The view that adorns the world’s largest city – Mexico City – is enhanced by the majesty of two of the highest volcanoes in the hemisphere: Popocatepetl and Iztaccíhuatl. The presence of these enormous millenary volcanoes has been of great significance for the different societies that have admired and revered them, being a source of inspiration for the many legends about their origin and creation.
Among these, the best known are two below. Thousands of years ago, when the Aztec Empire dominated the Valley of Mexico, it was common practice to subject neighboring towns and to require a mandatory tax. It was then that the chief of the Tlaxcaltecas, bitter enemies of the Aztecs, weary of this terrible oppression, decided to fight for his people’s freedom.
The chief had a daughter named Iztaccihuatl: the most beautiful of all the princesses, who had professed her love for young Popocatepetl, one of her father’s people and the most handsome warrior. Both professed a deep love for each other, so before leaving for war, Popocatepetl asked the chief for the hand of Princess Iztaccihuatl.
The father gladly agreed and promised to welcome him back with a big celebration to give him his daughter’s hand if he returned victorious from the battle. The brave warrior accepted, prepared everything and departed keeping in his heart the promise that the princess would be waiting for him to consummate their love. Soon afterward a love rival of Popocatepetl, jealous of the love they professed to each other, told Princess Iztaccihuatl that her beloved had died in combat.
Crushed and overwhelmed by sadness, the princess died without even knowing that it was a lie. Popocatepetl returned victorious to his people, hoping to find his beloved princess. Upon arrival, he received the terrible news of the death of Iztaccihuatl.
One of the most beautiful Mexican legends recounts that the people of Aztlan, north of what is today Mexico, had to leave their homes by orders of their gods in search of the promised land.
It is believed that the Aztecs, whose name means the people of Aztlan, began to emigrate in the 6th century.
The future Aztecs or Mexica, formed by the Nahua peoples, on orders of their god Huitzilopochtli, the Sun and War god, had to abandon the place where they lived and start a pilgrimage to find a place where an eagle perched on a prickly pear cactus, devouring a snake would be.
Huitzilopochtli told the Aztecs that when they found the eagle it would be the signal that they had reached land where they would build the most powerful empire in Mesoamerica, Middle America.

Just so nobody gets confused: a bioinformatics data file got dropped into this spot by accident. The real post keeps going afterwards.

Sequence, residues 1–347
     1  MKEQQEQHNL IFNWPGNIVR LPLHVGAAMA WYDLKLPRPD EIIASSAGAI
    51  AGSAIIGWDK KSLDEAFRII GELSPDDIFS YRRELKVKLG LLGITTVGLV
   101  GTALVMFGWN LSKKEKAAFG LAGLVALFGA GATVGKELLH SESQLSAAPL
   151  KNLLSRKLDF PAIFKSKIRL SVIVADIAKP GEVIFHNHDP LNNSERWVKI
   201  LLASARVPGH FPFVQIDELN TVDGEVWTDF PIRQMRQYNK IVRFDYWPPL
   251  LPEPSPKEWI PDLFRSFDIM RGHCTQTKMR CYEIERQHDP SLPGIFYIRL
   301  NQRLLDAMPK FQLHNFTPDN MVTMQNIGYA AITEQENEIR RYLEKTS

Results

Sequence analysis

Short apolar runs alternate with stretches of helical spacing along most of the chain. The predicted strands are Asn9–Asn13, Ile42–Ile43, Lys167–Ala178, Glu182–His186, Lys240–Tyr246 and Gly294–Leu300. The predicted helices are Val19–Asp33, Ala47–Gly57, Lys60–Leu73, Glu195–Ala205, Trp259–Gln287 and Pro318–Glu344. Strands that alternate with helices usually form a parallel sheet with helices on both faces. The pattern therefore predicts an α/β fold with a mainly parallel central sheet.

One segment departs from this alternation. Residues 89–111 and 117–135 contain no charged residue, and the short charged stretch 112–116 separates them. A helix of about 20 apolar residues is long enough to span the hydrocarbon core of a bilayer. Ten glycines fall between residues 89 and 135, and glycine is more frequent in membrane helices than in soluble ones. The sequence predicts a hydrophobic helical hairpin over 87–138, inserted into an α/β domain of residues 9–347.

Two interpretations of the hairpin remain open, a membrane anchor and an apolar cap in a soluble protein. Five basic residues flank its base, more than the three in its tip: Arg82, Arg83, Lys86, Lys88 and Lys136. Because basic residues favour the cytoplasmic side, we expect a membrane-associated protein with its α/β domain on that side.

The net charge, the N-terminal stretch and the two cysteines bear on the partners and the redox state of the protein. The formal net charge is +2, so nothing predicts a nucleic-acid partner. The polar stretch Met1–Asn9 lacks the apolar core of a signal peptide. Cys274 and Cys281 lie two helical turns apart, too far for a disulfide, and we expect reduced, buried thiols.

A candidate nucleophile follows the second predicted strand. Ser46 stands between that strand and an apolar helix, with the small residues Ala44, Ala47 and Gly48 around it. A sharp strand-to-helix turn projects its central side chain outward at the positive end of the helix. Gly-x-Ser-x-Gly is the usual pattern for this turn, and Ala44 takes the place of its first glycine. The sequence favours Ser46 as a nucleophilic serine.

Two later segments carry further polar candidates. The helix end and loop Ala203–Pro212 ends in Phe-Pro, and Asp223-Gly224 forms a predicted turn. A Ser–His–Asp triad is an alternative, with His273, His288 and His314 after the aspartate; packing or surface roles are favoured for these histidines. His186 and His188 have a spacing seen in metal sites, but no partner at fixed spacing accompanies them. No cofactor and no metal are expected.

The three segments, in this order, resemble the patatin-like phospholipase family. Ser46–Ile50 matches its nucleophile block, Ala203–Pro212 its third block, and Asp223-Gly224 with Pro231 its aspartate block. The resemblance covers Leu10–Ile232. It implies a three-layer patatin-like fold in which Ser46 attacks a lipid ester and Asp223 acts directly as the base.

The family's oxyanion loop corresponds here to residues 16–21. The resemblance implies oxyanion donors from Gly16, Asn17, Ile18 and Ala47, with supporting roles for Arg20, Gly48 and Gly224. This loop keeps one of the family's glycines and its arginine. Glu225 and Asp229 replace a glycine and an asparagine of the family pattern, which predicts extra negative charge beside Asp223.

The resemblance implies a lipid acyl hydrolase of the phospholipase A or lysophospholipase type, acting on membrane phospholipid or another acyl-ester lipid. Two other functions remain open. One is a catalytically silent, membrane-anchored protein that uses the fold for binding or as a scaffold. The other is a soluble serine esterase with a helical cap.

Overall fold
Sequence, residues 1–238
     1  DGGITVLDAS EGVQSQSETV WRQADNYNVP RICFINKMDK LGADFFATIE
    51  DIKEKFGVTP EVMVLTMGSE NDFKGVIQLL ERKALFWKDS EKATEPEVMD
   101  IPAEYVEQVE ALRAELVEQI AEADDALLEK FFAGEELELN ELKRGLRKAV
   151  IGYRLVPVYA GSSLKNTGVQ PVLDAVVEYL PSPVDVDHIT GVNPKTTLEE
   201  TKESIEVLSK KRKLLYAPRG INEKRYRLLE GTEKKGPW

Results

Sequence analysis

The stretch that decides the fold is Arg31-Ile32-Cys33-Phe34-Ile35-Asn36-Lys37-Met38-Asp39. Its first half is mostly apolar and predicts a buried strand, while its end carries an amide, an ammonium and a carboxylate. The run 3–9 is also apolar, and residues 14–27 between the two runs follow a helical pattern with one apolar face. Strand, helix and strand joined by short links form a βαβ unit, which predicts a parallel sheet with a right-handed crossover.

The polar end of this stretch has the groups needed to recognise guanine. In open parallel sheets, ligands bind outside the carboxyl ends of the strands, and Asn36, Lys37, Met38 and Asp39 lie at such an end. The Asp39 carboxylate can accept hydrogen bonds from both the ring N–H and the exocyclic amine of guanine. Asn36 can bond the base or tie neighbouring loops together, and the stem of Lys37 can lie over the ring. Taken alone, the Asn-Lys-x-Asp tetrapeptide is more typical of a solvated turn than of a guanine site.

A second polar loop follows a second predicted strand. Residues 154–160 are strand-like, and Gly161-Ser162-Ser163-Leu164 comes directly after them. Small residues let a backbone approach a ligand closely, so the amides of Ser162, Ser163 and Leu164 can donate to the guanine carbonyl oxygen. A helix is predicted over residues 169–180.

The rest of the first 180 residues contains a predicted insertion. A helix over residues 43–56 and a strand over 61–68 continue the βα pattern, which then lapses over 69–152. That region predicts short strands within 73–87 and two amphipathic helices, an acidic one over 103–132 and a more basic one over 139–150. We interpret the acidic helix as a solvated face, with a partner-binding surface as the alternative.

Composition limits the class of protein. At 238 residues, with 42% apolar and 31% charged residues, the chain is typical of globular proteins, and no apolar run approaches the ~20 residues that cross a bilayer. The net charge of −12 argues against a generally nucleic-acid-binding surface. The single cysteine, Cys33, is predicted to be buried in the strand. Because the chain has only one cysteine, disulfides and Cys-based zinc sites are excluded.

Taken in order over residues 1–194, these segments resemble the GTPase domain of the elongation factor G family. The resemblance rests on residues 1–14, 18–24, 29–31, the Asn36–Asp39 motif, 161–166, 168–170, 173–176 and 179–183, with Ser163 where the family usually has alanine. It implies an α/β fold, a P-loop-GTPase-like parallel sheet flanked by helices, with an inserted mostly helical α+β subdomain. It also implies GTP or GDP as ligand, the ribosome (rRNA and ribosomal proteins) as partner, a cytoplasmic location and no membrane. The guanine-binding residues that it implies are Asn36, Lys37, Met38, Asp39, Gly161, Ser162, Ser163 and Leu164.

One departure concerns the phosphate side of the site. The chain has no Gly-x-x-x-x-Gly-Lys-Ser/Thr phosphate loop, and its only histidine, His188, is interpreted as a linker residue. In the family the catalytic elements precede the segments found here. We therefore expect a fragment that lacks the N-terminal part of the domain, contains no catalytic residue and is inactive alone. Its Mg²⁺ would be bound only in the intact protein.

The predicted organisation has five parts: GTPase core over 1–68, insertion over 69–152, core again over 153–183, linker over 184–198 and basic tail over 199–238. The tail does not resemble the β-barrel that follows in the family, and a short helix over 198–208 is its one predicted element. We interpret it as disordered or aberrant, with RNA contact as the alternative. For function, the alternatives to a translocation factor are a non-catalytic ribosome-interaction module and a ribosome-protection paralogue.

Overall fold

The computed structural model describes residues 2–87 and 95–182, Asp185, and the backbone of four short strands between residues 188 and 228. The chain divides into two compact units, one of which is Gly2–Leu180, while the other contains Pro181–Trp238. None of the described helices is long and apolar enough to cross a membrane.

When the first men became conscious of the light that was emitted from the sun, and the relationship that exists between light and day; darkness and night; the sun and the moon; they assigned them each values. The sun received the positive values: life and flourishing nature; the moon’s values were a little more negative: the world of the dead, a decline.
From the sun comes positive energy, and to him, “Tonathiu”, the highest honors are given in the festivals and traditions that come from the “life cycles” – the same cycles which are associated with the arrival of Spring.
In all of the pre-Colombian cultures, the sun is associated with the Spring rituals, when life is reborn and flourishes. It is also the time of year to prepare the fallow land for harvest. In the “huichol” pueblos, a ritual is prepared for the “deer”, which is the sun that carries light to the pueblos throughout the three-day celebration.
The figure of the sun is even present in the roundness of our Mexican tortilla, which nourishes and provides energy for our body. The form of the tortilla – round — and the corn – yellow like the sun – bring together symbolic elements of the positive values.
The Pre-Hispanic cultures took advantage of the light of the sun, converting into energy for their own bodies. They would rub their hands together vigorously, and then expose their hands to the sun of the heavenly star for several minutes, sitting on the ground with their legs crossed in the lotus position.
In archaeological centers across the world, it has become a tradition for the people to receive the equinox. As the pyramids attract energy, people arrive dressed in white, ready to receive the forces of the sun. Many arrive early in the morning, climb the pyramids, and find a good place to receive the energy. Some wear flower necklaces; others wear red handkerchiefs around their foreheads; and those who are the most deeply rooted in the tradition light incense and walk in huaraches or go barefoot along the edifying rocks.
This huge monolith with at least 500 years of existence seems to speak to us from its silence of stone. The sunken eyes of Tonatiuh, the Aztec sun god, look out from the center of this cyclic sequence of glyphs and dates.
The impressive Stone of the Five Eras, has a diameter of 11.75 ft., 3.22 ft. deep and weighs 24 tons; but above all, it is a work of art, the epitome of the warrior cosmogony and dazzling civilization that occupied the Valley of Mexico.
It is believed that the Aztecs named this monolith Ollin Tonatiuhtlan meaning “Sun of Movement“, and refers to the era of the Fifth Sun. This era , according to the Mexica culture, would correspond to our present time, and which is expected to end with a series of earthquakes.
Despite its calendar-like appearance, some anthropologist maintain that it was used as a temalacatl, circular platform where the gladiatorial sacrifice was performed, and the blood and vitality of the warrior was fed to the sun god.
Obscure were the first centuries of existence of this monolith. It barely had a few years of splendor between 1512, when it was carved, and 1521, when Tenochtitlan, the Aztec capital, fell under the Spanish rule.